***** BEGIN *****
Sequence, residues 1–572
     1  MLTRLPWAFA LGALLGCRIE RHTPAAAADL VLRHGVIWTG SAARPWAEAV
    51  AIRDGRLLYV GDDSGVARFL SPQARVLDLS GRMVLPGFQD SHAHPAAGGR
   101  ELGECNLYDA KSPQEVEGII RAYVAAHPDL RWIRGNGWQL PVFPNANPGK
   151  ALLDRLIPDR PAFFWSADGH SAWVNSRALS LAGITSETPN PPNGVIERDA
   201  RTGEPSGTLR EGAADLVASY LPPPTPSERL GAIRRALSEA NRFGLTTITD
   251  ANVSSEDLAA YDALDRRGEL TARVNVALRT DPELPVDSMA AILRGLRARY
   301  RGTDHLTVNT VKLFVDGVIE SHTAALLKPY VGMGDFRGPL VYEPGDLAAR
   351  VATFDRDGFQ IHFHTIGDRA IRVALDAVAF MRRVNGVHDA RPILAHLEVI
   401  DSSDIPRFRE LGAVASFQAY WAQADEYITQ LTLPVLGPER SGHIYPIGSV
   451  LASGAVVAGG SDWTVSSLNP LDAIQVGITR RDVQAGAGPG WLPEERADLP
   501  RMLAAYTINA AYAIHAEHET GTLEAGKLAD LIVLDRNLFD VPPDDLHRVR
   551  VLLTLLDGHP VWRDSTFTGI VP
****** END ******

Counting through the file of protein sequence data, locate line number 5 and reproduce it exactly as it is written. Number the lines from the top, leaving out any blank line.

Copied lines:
   151  ALLDRLIPDR PAFFWSADGH SAWVNSRALS LAGITSETPN PPNGVIERDA